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N-Acetylcysteine Induces Apoptotic, Oxidative and Excitotoxic Neuronal Death in Mouse Cortical Cultures

Authors
  • Hwang, Shinae
  • Kim, Jong-Keun
Type
Published Article
Journal
Chonnam Medical Journal
Publisher
Chonnam National University Medical School
Publication Date
Jan 25, 2022
Volume
58
Issue
1
Pages
18–23
Identifiers
DOI: 10.4068/cmj.2022.58.1.18
PMID: 35169555
PMCID: PMC8813647
Source
PubMed Central
Keywords
Disciplines
  • Original Article
License
Unknown

Abstract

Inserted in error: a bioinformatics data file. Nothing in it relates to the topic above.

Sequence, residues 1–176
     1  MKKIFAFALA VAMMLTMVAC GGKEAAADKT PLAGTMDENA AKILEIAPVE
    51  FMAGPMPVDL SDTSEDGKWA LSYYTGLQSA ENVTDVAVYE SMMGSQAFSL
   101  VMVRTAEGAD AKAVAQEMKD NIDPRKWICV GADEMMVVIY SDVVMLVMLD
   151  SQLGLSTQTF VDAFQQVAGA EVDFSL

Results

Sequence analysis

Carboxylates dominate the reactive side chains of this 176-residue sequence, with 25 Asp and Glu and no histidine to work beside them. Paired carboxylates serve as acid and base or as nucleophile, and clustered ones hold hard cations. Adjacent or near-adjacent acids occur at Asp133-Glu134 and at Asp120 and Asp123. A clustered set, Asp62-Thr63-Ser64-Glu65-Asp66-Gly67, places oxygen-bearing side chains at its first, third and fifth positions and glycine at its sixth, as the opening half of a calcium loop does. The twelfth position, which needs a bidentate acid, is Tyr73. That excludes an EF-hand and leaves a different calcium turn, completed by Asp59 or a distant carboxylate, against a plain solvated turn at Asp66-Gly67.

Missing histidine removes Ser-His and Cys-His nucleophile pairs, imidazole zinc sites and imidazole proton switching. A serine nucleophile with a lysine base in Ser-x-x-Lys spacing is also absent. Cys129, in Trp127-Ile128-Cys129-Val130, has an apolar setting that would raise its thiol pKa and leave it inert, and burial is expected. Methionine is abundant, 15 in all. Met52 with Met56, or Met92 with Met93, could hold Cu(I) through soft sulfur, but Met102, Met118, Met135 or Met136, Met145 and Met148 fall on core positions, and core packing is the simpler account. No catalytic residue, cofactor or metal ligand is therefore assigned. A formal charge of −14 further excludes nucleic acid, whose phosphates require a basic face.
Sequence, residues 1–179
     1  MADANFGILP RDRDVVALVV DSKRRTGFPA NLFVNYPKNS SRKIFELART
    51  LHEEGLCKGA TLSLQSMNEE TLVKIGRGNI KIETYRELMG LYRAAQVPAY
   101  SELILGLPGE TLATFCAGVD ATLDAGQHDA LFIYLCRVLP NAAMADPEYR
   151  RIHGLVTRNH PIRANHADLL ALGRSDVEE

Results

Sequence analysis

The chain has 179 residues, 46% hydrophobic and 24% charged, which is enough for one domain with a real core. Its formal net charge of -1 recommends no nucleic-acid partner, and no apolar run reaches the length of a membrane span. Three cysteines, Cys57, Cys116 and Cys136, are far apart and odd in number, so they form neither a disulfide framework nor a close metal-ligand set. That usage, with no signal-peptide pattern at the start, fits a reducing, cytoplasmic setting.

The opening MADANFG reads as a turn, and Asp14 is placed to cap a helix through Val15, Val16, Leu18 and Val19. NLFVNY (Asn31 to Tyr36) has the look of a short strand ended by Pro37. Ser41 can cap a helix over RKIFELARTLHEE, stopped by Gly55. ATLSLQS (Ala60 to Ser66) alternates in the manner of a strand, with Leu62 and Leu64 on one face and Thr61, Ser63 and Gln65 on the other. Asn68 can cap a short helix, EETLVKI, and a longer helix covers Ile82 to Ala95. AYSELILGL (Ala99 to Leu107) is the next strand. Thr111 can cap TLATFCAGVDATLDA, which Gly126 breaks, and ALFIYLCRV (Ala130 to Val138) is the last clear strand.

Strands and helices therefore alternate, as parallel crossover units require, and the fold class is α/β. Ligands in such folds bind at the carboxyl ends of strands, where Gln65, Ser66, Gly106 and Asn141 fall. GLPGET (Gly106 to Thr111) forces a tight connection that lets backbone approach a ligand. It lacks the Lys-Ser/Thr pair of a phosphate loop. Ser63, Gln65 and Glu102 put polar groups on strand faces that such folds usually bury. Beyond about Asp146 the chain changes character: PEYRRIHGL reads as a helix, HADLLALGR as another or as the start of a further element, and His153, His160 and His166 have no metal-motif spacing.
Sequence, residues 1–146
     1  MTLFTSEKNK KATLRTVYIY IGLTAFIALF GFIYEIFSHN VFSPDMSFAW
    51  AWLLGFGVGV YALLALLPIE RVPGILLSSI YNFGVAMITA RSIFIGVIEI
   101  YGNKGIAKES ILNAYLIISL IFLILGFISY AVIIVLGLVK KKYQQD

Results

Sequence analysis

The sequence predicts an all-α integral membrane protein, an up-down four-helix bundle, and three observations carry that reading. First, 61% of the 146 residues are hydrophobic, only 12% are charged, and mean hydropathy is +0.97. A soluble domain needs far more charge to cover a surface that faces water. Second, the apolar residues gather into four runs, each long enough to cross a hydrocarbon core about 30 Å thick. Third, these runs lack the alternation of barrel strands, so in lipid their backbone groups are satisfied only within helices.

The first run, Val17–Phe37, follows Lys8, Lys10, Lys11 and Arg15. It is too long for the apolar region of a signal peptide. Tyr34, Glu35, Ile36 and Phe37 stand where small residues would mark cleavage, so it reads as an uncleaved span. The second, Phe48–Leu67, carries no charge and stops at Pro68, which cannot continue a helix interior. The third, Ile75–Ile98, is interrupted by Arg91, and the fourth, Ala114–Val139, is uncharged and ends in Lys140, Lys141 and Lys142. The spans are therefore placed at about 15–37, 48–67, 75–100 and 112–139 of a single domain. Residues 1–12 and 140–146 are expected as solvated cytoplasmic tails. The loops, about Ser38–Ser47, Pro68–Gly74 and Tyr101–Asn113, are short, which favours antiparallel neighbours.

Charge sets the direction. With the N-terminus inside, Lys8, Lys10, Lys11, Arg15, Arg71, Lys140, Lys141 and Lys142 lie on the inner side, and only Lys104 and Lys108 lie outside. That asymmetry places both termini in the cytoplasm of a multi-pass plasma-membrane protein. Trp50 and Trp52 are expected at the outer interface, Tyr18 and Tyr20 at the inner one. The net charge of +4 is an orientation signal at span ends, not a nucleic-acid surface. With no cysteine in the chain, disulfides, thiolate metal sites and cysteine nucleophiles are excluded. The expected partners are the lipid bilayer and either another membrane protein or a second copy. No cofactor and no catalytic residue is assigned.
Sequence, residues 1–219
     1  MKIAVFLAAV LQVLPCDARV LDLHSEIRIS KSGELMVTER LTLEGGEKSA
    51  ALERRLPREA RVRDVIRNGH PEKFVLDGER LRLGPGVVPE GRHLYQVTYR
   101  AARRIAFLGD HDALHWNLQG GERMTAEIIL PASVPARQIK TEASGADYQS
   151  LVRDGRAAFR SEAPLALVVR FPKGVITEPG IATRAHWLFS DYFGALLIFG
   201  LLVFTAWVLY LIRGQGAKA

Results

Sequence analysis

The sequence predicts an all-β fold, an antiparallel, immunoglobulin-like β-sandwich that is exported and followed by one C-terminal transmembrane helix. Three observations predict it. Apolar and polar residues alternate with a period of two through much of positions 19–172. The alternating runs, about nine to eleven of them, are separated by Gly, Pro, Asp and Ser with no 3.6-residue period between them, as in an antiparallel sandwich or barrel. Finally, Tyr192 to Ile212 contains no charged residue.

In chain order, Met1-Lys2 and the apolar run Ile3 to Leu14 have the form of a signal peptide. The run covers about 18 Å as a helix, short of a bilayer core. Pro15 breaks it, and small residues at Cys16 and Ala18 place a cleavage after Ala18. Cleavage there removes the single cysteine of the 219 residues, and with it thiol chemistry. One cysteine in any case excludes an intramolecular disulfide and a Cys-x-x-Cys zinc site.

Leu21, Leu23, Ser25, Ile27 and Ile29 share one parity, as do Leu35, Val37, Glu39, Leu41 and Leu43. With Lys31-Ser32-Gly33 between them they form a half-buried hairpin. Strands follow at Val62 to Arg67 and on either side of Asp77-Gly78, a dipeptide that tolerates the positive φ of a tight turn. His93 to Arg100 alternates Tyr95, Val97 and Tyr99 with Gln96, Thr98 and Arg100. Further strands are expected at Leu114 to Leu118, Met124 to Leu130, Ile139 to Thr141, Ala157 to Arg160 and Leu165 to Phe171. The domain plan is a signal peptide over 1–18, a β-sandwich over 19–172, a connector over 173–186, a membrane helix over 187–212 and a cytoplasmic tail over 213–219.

N-acetylcysteine (NAC) has been used as an antioxidant to prevent oxidative cell death. However, we found NAC itself to induce neuronal death in mouse cortical cultures. Therefore, the current study was performed to investigate the mechanism of neuronal death caused by NAC. Cell death was assessed by measuring lactate dehydrogenase efflux to bathing media after 24-48 h exposure to NAC. NAC (0.1-10 mM) induced neuronal death in a concentration- and exposure time-dependent manner. However, NAC did not injure astrocytes even at a concentration of 10 mM. Also, 10 mM NAC markedly attenuated oxidative astrocyte death induced by 0.5 mM diethyl maleate or 0.25 mM H2O2. The NMDA receptor antagonist MK-801 (10 µM) markedly attenuated the neuronal death caused by 10 mM NAC, while NBQX did not affect the neuronal death. Cycloheximide (a protein synthesis inhibitor, 0.1 µg/mL) and z-VAD-FMK (a caspase inhibitor, 100 µM) also significantly attenuated neuronal death. Apoptotic features such as chromatin condensation, nuclear fragmentation, and caspase 3 activation were observed 1 h after the NAC treatment. The neuronal death induced by 1 or 10 mM NAC was significantly attenuated by the treatment with 100 µM Trolox or 1 mM ascorbic acid. NAC induced the generation of intracellular reactive oxygen species (ROS), as measured by the fluorescent dye 2′,7′-dichlorofluorescein diacetate. The ROS generation was almost completely abolished by treatment with Trolox or ascorbic acid. These findings demonstrate that NAC can cause oxidative, apoptotic, and excitotoxic neuronal death in mouse neuronal cultures.

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